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Granvillage Toya Daiwa Ryokan Annex
049-5721 Hokkaido, Lake Toya, Toyakoonsen 34-4, Japan – Excellent location – show map
Excellent location – rated 9.1/10! (score from 277 reviews)
Real guests • Real stays • Real opinions
Located right in front of Lake Toyako, Daiwa Ryokan Annex features lake views in all rooms. Guests can use the free Wi-Fi at the public areas and refresh at the indoor public hot-spring bath. JR Toya Train Station is a 15-minute drive away.
Each room features tatami (woven-straw) floors and Japanese futon bedding. Air conditioning/heating facilities, a flat-screen TV and an electric kettle are provided. Bathrooms and toilets are shared.
Free parking is on site and the front desk offers luggage storage. Photocopying services are available as well and drink vending machines can be found on site.
Breakfast comes with fried eggs, sausages and rice. All meals are served at the dining room.
Ryokan Daiwa Annex is a 15-minute drive from Sairo Observatory and a 30-minute drive from Muroran Port.
This property is a ryokan, which is a type of traditional Japanese Inn. Learn more
- What's a ryokan?
- A ryokan is a traditional Japanese inn. They usually feature bathhouses, multicourse dinners, communal spaces where guests can relax, and rooms with woven-straw flooring and futon mats. Like hotels, a range of ryokans (from budget to luxury) is available. What originated centuries ago as a free rest house for long-distance travelers has evolved into a popular destination for relaxation surrounded by therapeutic mineral springs.
- What are the big differences between a ryokan and a hotel?
- Unlike a hotel, where the guest room is just a place to turn in for the night, a ryokan is more than just a place to sleep. In Japan, many travelers journey long distances to relax in a hot spring bath and feast on a traditional multicourse dinner – staying in a ryokan is an experience in and of itself. These ryokans typically have Japanese-style rooms with woven-straw floors and futon beds (no Western beds and carpeting). You should also remove your shoes at the entrance of the room, or before you enter it. Modern ryokans might serve buffet-style meals in a dining area, while more traditional ryokans tend to serve in-room dinners. Some ryokan rooms have a private bathroom, and others might just have a shared bathroom.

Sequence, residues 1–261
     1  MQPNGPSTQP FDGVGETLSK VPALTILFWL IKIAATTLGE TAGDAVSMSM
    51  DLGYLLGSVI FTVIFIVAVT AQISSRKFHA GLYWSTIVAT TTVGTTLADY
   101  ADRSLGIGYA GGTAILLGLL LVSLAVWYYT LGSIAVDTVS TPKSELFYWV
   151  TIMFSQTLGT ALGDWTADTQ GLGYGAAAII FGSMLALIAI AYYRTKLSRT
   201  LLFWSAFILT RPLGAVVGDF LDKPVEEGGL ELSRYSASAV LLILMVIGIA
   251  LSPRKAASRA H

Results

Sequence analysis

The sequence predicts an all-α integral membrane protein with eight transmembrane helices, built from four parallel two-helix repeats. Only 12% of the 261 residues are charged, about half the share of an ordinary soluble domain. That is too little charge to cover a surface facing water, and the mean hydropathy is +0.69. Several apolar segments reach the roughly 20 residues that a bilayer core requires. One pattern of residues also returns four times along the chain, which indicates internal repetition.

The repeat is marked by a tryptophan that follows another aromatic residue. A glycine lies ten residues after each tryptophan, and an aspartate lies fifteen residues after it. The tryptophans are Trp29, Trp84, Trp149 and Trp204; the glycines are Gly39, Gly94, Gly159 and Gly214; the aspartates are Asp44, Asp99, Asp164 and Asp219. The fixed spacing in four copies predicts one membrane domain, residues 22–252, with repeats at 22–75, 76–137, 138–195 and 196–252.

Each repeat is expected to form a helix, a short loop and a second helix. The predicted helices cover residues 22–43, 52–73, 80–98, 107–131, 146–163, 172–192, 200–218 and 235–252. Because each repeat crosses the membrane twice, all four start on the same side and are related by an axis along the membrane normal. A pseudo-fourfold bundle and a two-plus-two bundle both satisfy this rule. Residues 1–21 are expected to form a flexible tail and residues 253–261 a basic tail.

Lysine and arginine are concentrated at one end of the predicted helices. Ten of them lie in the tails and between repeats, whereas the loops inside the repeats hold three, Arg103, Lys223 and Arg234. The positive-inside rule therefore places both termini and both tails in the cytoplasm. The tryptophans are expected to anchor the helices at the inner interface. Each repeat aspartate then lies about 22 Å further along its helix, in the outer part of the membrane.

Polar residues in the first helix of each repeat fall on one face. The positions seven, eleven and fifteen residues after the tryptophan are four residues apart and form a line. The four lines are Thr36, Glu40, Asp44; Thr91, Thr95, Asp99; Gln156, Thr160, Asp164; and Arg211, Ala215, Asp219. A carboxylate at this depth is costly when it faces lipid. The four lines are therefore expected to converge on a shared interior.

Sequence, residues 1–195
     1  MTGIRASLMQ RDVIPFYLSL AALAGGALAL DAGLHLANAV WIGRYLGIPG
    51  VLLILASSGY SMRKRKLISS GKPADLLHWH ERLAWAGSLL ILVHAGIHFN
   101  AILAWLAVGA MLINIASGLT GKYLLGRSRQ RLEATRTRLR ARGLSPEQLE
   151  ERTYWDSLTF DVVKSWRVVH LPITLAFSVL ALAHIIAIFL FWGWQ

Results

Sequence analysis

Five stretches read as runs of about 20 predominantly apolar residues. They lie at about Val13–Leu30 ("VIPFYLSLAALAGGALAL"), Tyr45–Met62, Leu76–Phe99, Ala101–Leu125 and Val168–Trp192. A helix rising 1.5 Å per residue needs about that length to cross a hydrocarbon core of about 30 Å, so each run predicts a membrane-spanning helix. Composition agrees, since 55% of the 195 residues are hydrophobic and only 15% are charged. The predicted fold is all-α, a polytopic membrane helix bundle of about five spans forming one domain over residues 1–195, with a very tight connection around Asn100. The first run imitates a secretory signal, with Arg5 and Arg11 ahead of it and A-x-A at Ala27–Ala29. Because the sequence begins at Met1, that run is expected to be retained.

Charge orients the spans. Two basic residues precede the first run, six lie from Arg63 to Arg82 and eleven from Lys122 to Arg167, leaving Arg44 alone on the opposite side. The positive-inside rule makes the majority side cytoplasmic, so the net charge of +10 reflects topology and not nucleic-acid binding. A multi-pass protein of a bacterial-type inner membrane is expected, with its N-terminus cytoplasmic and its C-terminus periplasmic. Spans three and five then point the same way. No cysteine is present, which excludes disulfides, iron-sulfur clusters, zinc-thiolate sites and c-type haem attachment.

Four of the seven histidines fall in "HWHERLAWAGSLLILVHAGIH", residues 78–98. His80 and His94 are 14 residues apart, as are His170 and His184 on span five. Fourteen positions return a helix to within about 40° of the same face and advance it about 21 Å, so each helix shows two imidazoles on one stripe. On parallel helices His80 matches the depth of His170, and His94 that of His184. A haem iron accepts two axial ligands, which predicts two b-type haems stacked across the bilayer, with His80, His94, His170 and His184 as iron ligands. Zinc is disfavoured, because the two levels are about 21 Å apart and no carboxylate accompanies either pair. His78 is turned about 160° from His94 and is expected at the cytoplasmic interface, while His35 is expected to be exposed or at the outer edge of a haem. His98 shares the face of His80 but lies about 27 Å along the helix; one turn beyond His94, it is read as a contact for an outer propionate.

- What's a kaiseki meal?
- Kaiseki is the culinary highlight at a ryokan, embodying beautifully presented dishes that delight both the palate and the eyes. Every one of the 10 to 15 dishes that make up the multicourse Japanese dinner is prepared in a way that highlights the unique textures, colors, and flavors of featured seasonal ingredients and local specialties. Most commonly served at special restaurants and ryokans, a traditional kaiseki dinner usually consists of bite-size appetizers, fresh sashimi (raw fish, like sushi), soup, grilled fish or meat, a hot-pot dish, rice with miso soup, and a small dessert.
- What's a yukata?
- A yukata is a casual summer kimono or robe, typically made of light cotton. Many ryokans provide guests with yukata robes during their stay. In some areas, it's common to see guests strolling through the neighborhood in their yukatas. The loose-fitting garment is perfect for sleeping and relaxing in.
- How should I wear a yukata?
- First, put your arms through the sleeves like you would with a robe. Take the right side of the yukata and wrap it across your body. Then, take the left side and wrap it over the right, making sure that the robe is level at your ankles. Pinning the yukata closed on the right side, wrap the sash around your waist a couple of times and then tie a bow. Generally, the bow is tied around the waist for women, and the hips for men.
- What's a Japanese hot spring (onsen)?